I am looking at a future where distance education is the norm.

Many students are gradually getting used to using distance  education formalities.

Simulations and Games

November 20, 2008

At our network meeting two weeks ago, one of our district colleagues shared his experiences with me regarding the challenges of teaching computer programming course in a high school.  It is at times frustrating because the student are unwilling to invest the type of patience require to develop logical solutions.  It requires critical thinking and the application of mathematical reasoning.

One of the things missing is the motivation and the persistence.  Programming the way it is taught is simply not relevant to the students experiences and their reaction is to disengage from the lesson.

Games and simulation are one way to engage the students in the learning process.  Many of our students are interested in games and will do anything to play them. We are going to explore the possibility of game programming.  May be the students can relate to this.  There may be an opportunity to attract and keep the interest of the students in gaming, game design, game programming.  I will begin this exploration and development this Christmas break.

Learning Objects Repositories.

November 12, 2008

When I think of learning objects I always  thick back to object oriented programming principles.  The fact that this way of thinking about programming may have the same parallel as learning objects.  I believe we are talking about the same context of object.  The same principles requiring that object are reusable and can be inherited.  In the same way these objects can be collected into repositories that can be used and reused for different learning environments.

This new technology will become popular given that this way of programming has already worked so well with the web and directly lends itself to the paradigm shift in the software industry.

Educators are finding that LMS technology has a tremendous future giving the nature of teacher and student collaboration that is at the core of many school reforms.  Reforms that are quietly encouraging teachers to make the learning environment user friendly, student-center, and the application of constructivist strategies into teaching and learning.

Learning and content Management Systems

November 1, 2008

Learning Management Systems and Content Management Systems

LMS for is a convienent yet effective way for me to access content for my learning needs.  I am intrigued by how these learning and content management systems are evolving and how they arebreaking traditional barriers.  Isn’t that what many of the new tools are doing?  They are providing access to many who have for too long had to contend with less choice at best.  They are bridging the digital divide that have for too long been own and controled by the rich.  Now they are empowering the people and suddenly allowing everyonepeek through and enjoy the priviledges that had eluded them for too long.

Image how training and content experts that years ago were unavailable to everyone and that many only heard and dreamed of, are now availabe for delivery through the internet.  These delivery and management systems are now a click away form everyone.

I just read the views on informal learning in  Tony Karrer’s elearning blog at   http://elearningtech.blogspot.com/2006/10/informal-learning-and-learning.html.  He agreed with Dennis Coxe about what he sees as the rebellious devotion to formal learning.  One of the key arguments is that cost that separates LMS from content access.  He claims that LMS places a “toll booth between the user and the knowledge he is trying to access.”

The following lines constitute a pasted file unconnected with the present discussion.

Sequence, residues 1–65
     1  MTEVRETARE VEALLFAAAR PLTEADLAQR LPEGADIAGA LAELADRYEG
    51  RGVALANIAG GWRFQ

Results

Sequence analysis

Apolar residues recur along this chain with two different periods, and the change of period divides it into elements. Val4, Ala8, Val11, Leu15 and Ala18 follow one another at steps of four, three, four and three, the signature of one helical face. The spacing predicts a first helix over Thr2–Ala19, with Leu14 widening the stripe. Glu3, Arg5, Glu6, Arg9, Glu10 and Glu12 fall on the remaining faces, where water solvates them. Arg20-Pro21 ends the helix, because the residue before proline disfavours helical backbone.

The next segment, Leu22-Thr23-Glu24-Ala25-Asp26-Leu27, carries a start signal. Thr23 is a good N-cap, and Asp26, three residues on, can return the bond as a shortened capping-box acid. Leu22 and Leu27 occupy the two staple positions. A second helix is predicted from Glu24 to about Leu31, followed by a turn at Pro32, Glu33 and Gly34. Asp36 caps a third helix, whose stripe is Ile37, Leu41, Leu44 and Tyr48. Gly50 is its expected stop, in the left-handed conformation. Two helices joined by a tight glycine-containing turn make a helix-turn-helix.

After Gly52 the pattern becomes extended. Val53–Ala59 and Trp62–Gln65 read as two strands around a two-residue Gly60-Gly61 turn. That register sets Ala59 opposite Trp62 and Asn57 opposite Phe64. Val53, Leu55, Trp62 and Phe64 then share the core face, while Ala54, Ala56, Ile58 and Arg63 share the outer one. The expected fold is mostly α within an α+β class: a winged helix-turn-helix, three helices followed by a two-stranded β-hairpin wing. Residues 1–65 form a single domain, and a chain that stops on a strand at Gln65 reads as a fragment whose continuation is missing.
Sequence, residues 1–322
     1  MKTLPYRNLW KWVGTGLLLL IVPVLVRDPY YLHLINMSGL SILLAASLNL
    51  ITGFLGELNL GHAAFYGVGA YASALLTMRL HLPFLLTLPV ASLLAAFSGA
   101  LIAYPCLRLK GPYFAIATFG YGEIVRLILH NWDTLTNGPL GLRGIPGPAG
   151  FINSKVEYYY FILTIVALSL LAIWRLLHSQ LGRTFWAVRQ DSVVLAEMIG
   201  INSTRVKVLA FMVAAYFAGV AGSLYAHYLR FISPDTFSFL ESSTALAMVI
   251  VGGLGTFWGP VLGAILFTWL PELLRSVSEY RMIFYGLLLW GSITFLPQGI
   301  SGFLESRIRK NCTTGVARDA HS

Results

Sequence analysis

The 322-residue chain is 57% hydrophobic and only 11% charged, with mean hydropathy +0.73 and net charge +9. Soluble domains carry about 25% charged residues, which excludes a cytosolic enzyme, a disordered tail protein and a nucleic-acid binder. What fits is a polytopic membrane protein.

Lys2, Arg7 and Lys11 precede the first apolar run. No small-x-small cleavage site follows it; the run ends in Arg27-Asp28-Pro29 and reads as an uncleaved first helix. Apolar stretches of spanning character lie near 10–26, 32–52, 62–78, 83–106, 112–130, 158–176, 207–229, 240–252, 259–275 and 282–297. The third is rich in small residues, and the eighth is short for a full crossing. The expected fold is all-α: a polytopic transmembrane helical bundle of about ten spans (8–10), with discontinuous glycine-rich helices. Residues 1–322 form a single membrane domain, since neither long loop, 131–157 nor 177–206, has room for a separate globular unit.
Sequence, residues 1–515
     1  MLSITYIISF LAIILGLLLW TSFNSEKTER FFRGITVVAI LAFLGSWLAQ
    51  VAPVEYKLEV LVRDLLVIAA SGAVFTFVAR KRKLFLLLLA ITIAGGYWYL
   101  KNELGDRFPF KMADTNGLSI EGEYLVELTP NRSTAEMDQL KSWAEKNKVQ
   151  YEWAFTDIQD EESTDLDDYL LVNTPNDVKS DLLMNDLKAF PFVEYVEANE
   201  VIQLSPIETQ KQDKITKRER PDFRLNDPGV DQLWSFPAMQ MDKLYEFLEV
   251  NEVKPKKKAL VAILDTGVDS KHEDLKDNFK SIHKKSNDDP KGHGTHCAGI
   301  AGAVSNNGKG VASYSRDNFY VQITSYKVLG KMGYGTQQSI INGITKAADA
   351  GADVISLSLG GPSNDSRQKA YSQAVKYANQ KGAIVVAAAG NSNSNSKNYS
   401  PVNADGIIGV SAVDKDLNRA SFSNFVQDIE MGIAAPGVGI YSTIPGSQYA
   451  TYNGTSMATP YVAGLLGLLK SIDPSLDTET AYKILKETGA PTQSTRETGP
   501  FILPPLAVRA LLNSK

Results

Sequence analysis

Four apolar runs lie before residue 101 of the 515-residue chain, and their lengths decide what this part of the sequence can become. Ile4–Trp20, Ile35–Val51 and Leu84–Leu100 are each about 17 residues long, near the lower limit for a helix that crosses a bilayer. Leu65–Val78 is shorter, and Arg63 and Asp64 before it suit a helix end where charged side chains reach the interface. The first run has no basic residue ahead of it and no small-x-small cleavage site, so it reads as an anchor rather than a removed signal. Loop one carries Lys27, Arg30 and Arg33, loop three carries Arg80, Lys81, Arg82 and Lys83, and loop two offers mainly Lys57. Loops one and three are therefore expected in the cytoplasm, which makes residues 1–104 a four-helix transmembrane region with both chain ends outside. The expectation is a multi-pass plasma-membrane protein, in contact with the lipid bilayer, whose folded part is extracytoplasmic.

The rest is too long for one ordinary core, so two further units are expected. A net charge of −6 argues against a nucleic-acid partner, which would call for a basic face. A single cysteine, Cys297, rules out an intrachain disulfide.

What in our world is not about money.  I tend to be skeptical when I hear the word free preceeding any offer.  I usually wait long enough until I see what it is I am going to buy.  It is always embedded somewhere.  The issue is can you be patient enough to get to the full thrust of the cost.  Give me the toll booth before I get in so I can  weigh my choices about going in or staying out.  The problem with the alternative is that you get hooked on it by the time you receive the bills that leaving is no longer an easy option.

If you take a mental journey through all your digital experiences, I bet you can relate to many of the situations where money is an access control issue.

I find no problem with that, except that this delivery method will only become popular and more people who have the learning needs will be better off with access than the formal situation where the issue is that of both cost and access.

Wireless Networks

November 1, 2008

During my travel to Nigeria in the 1990s I saw the difficulties that the populace faced with telecommunication.  Telephones seem to be the exclusive property of the rich and the privileged. Many poor countries were unable to pay for the cost of building the infrastructure necessary for telephones.  In the case of Nigeria iy was not the same reason of poverty but that of lack of leadership.  They have the national wealth to build and sustain the infrastructure but failed its citizenry as a result of curruption and poor leadership.  By the time I came back in 2004 it was amazing to see the proliferation of cell phones.   One of the best things of the information age is that these emerging technologies are leveling the playing field for everyone.  It is empowering everyone and if you wait around, it becomes affordable and the rest will be history.

Cell phones are easier and cheaper to own and that is the main reason more people own them in Nigeria.  There are no need to build wired networks and access is possible even in the remote areas of the country.  This is a great promise for education.  Communication to school in remote areas are now possible.  Cell phones will become the dominant way to communicate and access course materials in the near future.  When this happens, we will begin to see a closing of that digital divide.  We will begin to see a true interaction and collaboration between the rich students, and the poor students, or between students in rich countries and students in poor countries.  There are an abundance of lessons to be shared in the different worlds and these affordable handheld devices may have the prospect and possibilities to help the world built into them.